Last summer, as the crowd swelled to more than 100,000 on the first day of Hempfest, the annual gathering of ganja enthusiasts at Seattle's Myrtle Edwards Park, festival organizers worried that the human sea pushing its way in and out of the narrow waterfront venue was becoming dangerously crammed. They say they cut the wire holding up a temporary fence and instructed the crowds to fold the panels over in order to avoid a crush. (The fence was in place to protect waterfront improvements underway as part of the then-unfinished Olympic Sculpture Park, which rises behind Myrtle Edwards and Elliott Bay.)
Early the next morning, in preparation for the festival's final day, they decided to move the fence farther out of the way, which required displacing some obstacles—namely five giant boulders and two logs that were on the park's newly regraded beach. They did the unauthorized landscaping with a miniature bulldozer called a Toolcat.
The beach, which was built to enhance public access to the water, was also created to provide habitat for juvenile salmon migrating from the Green and Duwamish rivers. Though no fish were harmed during Hempfest's lifesaving measures last summer, SAM officials say damage from the event—and the Toolcat—meant they had to start over and rebuild the riparian ecosystem.
The city was similarly nonplussed by the damages, and sent Hempfest a bill for $16,500. Hempfest organizers came back with an offer to pay for half—and a request for a permit to hold their 2007 festival, planned for Aug. 18–19 at Myrtle Edwards Park. "Our position is that it will happen and it will happen in that park," says Hempfest construction director John Davis. "If it doesn't happen there, the festival won't happen."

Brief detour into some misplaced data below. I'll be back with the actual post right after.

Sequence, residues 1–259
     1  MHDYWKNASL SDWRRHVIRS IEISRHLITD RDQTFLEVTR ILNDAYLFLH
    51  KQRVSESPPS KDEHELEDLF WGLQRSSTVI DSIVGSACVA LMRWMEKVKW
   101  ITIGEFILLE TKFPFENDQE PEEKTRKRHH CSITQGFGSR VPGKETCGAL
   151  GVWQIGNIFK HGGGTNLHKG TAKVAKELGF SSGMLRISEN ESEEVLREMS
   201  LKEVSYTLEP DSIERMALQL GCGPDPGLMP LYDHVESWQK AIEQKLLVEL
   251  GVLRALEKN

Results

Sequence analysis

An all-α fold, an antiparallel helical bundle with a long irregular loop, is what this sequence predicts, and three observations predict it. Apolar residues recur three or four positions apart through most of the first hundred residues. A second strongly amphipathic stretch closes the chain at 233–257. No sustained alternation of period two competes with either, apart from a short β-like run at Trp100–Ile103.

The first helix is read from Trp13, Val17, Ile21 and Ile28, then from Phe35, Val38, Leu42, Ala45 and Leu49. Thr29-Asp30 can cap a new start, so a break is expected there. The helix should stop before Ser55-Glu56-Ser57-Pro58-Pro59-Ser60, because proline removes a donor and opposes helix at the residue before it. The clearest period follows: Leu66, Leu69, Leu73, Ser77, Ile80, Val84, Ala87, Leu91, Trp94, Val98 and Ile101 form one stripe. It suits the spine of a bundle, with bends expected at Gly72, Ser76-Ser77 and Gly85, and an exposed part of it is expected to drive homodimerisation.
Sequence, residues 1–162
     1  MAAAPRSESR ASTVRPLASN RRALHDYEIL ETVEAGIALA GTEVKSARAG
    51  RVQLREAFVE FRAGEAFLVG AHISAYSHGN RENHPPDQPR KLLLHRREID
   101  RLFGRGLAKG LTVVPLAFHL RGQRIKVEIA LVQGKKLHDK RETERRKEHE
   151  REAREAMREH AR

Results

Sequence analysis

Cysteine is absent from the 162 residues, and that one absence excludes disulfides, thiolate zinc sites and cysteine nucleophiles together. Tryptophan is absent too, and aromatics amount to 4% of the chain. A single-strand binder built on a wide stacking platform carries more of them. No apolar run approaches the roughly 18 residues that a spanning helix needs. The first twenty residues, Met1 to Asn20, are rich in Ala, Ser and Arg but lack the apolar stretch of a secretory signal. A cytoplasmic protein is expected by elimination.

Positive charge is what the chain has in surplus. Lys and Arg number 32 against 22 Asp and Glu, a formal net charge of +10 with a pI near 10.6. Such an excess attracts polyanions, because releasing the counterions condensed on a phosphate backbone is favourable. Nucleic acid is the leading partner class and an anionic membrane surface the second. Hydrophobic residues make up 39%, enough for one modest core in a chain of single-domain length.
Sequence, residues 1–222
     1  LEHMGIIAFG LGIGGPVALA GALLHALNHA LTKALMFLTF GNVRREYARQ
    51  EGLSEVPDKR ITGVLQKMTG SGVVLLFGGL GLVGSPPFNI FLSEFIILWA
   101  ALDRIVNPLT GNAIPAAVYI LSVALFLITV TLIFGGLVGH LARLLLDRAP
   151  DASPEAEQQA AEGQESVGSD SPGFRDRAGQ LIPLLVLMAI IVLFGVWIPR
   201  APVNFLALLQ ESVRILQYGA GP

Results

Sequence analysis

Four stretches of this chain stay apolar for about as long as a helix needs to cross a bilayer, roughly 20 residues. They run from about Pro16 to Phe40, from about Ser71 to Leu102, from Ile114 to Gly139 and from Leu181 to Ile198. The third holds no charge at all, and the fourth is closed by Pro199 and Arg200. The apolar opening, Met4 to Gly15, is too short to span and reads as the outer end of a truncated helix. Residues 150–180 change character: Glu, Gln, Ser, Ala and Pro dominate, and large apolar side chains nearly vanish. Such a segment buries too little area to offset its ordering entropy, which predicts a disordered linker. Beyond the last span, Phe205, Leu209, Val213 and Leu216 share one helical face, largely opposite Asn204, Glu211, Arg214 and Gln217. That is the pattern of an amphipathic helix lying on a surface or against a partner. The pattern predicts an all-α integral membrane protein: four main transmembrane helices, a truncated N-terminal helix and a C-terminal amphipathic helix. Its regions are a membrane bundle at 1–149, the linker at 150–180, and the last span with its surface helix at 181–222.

Davis says there simply aren't any other places that will accommodate the event. The festival, which started in Volunteer Park in 1991, outgrew Gas Works Park a few years later. Davis says urban parks like Magnuson are tough to come by because of parking, access, and neighborhood issues; and that larger, more elaborate venues like Seattle Center are simply too expensive. "Plus, at this point of the year, the advertising is already out," he says. "You can't just go back and change everything."
"In the front of everyone's minds is the issue of capacity," says Chris Rogers, SAM's director of capital projects and governmental affairs. "The big issue is public safety. It's a bad site for so many people. It's worth looking closely at. I think SAM would hope the city and others could be proactive in determining appropriate locations for appropriate crowds."
But Davis says SAM is just using the whole overcrowding thing as an excuse.
"Although they won't say this in any public forum, when it's just [SAM representatives] and us, they say, 'Look, we don't want you there, and we'll do anything to keep you out,'" he says, adding that this has been SAM's message since their first meeting, well before last year's event and the subsequent completion of the sculpture park.
(Last July, Hempfest sued the city and SAM for waiting until the eleventh hour to issue a permit for the 2006 event. Festival organizers withdrew the lawsuit after the city granted the permit in early August.)